We can’t accept or fathom that our hair is actually MORE beautiful in it’s natural state ,so we rationalize away the beauty by telling ourselves that the Black woman must have “good hair,” meaning loosely coiled or “softer,” hair that is why she is able to wear her natural hair and look beautiful. It’s similar to the racist mentality where some people believe only mixed Black women can be beautiful. We know that’s not true, so why do some of us believe that only Black women with a certain quality of hair can be natural and be beautiful? I want to tell the Black Women who believe that their hair isn’t worthy of being natural that my hair isn’t any different than your hair is. Your hair would look like my hair and would grow thick and long too if you gave your natural hair a chance.” Natural African hair is soft and beautiful, it is.”
Any Black woman who goes natural will realize that she has been brainwashed and lied to because we all have beautiful hair. I want more Black women to wake up and accept our beauty. Since I have gone natural, people’s opinions of natural hair around me have changed. My mother now loves my natural and cannot believe how much it has grown. She keeps telling me that she wants to see how long it is when blown out, but I rarely ever put heat on my hair and like I said, I have no desire to have straight hair, even though when stretched my hair is down my back. I had a picture of Brigid Turner on my computer and my brother looked at it, asked who it was and thought that she was beautiful.
That same brother later stated that he didn’t like relaxed hair anymore. When my mother asked what he liked, he said “natural.” My other brother brought home a Black woman with natural hair that she wears in an Afro puff. So, men do find our hair attractive, I simply think it’s a matter of them seeing it on us more and loving it. Black men have been brainwashed not to appreciate natural hair, just as Black women have. But, when more Black women start giving our natural, God-given hair a chance, I believe more Black men will develop an attraction and even a preference for natural hair just as my brother’s did.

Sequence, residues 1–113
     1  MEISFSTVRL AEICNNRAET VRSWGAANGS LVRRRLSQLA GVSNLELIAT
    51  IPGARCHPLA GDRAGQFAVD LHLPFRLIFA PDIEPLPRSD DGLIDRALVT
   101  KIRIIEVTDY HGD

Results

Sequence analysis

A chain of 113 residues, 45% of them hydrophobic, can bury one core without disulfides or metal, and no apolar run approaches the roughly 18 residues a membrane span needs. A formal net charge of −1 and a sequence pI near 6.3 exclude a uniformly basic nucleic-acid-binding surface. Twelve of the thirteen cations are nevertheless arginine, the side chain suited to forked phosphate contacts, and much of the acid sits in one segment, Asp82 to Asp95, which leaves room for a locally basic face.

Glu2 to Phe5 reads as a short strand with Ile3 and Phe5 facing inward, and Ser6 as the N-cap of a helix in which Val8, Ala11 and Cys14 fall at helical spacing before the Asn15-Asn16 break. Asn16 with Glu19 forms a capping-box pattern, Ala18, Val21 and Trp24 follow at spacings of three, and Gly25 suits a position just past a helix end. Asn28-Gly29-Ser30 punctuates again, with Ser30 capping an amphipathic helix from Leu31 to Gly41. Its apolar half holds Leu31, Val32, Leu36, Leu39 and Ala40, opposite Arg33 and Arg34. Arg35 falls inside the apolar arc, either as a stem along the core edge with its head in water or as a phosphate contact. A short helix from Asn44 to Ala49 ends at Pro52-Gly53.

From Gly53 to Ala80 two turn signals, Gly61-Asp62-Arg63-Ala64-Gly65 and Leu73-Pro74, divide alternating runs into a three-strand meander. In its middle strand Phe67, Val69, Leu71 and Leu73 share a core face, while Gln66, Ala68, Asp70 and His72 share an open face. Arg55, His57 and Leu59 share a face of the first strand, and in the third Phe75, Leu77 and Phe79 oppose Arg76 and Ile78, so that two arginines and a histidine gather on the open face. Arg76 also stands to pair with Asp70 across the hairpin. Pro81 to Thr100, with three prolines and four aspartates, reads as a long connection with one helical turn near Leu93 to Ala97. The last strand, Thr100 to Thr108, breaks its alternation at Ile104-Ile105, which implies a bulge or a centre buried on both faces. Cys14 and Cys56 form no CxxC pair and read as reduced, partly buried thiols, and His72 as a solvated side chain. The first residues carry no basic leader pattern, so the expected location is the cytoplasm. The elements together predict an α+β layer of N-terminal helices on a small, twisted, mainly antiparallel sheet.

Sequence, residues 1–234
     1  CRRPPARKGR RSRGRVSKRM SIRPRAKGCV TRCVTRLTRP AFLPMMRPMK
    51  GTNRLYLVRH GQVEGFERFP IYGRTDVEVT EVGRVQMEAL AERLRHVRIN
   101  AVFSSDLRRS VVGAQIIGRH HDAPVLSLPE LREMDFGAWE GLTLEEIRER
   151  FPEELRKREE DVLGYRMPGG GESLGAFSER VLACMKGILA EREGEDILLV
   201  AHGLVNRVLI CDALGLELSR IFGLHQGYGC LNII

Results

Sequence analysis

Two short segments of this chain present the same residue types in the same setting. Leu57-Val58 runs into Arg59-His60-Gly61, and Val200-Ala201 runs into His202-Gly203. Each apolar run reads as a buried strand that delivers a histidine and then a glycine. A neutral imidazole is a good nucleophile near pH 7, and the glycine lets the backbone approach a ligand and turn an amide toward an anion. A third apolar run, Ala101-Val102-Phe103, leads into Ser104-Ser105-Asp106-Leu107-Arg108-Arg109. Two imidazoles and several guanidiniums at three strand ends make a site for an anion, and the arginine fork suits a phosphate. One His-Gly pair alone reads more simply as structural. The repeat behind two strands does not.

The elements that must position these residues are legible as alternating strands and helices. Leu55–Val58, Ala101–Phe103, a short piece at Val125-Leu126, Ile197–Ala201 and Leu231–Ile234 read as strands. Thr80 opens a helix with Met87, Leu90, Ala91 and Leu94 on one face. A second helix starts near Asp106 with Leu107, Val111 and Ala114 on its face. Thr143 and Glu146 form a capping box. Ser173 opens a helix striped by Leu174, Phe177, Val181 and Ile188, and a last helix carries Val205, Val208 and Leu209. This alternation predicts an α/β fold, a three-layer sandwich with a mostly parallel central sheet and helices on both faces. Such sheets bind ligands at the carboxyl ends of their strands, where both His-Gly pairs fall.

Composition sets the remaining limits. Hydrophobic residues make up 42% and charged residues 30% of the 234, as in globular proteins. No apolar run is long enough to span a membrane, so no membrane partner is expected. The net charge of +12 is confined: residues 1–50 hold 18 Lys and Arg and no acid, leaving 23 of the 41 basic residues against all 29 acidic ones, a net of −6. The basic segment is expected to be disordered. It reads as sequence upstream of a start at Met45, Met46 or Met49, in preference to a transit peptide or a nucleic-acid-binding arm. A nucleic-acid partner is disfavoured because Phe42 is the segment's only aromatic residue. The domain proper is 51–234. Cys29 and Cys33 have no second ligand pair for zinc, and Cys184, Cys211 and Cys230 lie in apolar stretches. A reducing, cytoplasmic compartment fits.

I want Black women to wake up and stop falling for the okie doke. Don’t believe that it’s not possible for your hair to be beautiful in it’s natural state. Don’t convince yourself that a Black woman who is rockin her natural hair must have a better quality of hair than you do and that’s why she can go natural. No, you can go natural and look just as beautiful with your Afro-textured hair. Give your hair a chance.
Now, if you just want to change your hair up and have a straight style, that’s your decision. I do not believe in bullying people into going natural, but if you truly are brainwashed and believe that relaxing your hair is your only option because your hair is too “nappy,” or “bad,” to be natural, then you’re misinformed because our African, coily, kinky, thick, tight, nappy hair is gorgeous and we don’t need relaxers to have beautiful hair. If anything, relaxers dull the beauty of our hair. So wake up Black women and know that you DO have options when it comes to your hair and you CAN go natural.
Not to mention, one of the beautiful things about being natural is you have options. There is nothing wrong with changing your hair styles. Sometimes I want to rock an Afro, sometimes a twist out, sometimes cornrows, and I can do anything with my hair. If you want to straighten your hair every so often, there’s nothing wrong with that. Cathy Howse is a Black women with natural hair who teaches Black women how to care for and safely straighten natural hair with a low temperature flat iron. I don’t think there is anything wrong with changing your hairstyle, but it is a problem when you think that your natural hair texture is unacceptable and inferior.
Check out these videos below of Black women with natural hair. Both of these women Rusticbeauty and mwedzi have Youtube channels where they give hair tips. These women rarely straighten their hair, but when they do straighten it BOTH of them have long hair. So, Black women if you’re looking to grow your hair out, going natural is the best route in my opinion. In time though, I think you’ll realize that you’re going to love your hair in it’s curled state even more than when it’s straight…just trust me on that. But if you’re truly stuck on having long hair, gong natural is the best route. The third video is Cathy Howse and she talks about relaxers.